21 Jan 2010 – from Jen
Gosh – here I am in August reading books from January… just realised!
I heard about this book on the Dovegreyreader blog and immediately added it to the wishlist. What’s not to like when you have an established author married to a Shakespeare Professor, living in a big house full of books and deciding to only read from her current collection for a year?
Well, there was some stuff to like, and some to dislike, and some to argue with. And that’s the mark of an excellent read, isn’t it? The book is divided into short sections which dip into reading, Hill’s life as a reader and as an author, and all sorts of bits and pieces. The short section style is eminently suitable for treat reading, especially in quite a busy week, although I did devour great gobbets of it at once. This is definitely a book to read once, fast, and again, slowly (as she is told to do with Proust).
So – I got a bit annoyed on p. 6 when she talks about “I know people… whose books are even catalogued, in card indexes, on spreadsheets or even on infernal systems on websites where it is possible to log your own library and arrange virtual books on virtual shelves”, as I love my LibraryThing account and wouldn’t be without it. But it becomes clear that Hill loves the chaos of her books, their odd juxtapositions, the serendipity of coming across something when looking for something else – and she also champions books AS books, holding out against the little grey e-reader… and there’s a lot more to like in the book.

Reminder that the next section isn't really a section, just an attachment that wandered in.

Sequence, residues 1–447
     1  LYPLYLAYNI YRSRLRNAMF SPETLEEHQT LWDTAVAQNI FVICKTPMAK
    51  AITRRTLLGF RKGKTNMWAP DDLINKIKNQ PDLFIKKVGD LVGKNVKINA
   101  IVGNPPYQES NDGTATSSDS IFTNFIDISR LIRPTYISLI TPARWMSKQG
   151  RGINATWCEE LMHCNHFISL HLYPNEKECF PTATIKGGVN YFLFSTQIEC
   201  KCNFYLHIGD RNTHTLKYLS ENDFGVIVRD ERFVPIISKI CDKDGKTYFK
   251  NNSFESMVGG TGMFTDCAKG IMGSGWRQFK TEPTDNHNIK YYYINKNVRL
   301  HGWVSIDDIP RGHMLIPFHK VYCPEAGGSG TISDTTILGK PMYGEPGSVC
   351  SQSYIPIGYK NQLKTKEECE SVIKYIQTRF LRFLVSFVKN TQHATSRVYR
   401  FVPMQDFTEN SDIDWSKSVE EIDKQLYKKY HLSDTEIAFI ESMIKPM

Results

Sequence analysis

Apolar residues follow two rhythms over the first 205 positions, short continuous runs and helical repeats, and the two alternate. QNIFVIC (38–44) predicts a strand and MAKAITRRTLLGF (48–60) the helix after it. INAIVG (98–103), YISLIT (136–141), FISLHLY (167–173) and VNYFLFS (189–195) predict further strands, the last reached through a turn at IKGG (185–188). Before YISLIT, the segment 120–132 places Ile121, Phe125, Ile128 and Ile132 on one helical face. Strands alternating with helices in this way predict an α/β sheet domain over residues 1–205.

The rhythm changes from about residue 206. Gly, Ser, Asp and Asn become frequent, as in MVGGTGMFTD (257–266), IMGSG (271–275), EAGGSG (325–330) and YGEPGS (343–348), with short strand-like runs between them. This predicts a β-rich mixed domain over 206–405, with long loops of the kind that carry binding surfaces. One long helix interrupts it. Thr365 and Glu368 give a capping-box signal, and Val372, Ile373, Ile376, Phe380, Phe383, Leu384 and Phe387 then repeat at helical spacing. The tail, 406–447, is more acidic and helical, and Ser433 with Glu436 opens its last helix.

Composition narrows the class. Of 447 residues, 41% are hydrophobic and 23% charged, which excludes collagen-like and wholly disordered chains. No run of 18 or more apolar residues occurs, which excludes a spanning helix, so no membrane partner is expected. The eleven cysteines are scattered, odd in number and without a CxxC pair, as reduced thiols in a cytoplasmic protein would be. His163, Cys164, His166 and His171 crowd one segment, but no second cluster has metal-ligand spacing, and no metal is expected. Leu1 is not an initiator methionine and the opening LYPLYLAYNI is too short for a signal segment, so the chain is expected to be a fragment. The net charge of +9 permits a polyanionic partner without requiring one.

Hill confesses at the beginning to be worried about seeming to name-drop, but I love her encounters with other writers, placed in context within the book and her life. Her meeting with Edith Sitwell is hilarious and cringeworthy, and there are a lot of other writers in here too. A whole section is devoted to Iris Murdoch, which of course pleased me greatly – including two meetings, one where she is hale and hearty and one when she is sadly unwell. I like the assessment that Murdoch’s reputation is going through a dip at the moment due to her having died fairly recently, that she reclaims her from the miserable film and Bayley books, and that a Murdoch could in fact be included in her forty books for a desert island.
I also like her discursions on books she hasn’t read (she knows all about Don Quixote… but has never read it) and books she can’t finish, and I have to love her description of saving up some unread books for “when I am very old, or have an illness that requires me to stay in bed for days but that does not make me feel too rotten to read” – don’t we all have Books I Will Read If I Break My Leg? And she admits she can’t get into Jane Austen, which is a big admission to make.
So, a challenging and at the same time comforting read – for the basic assumption under all of the book is that books MATTER, and that’s got to be a good thing, of course. Even if they’re not catalogued.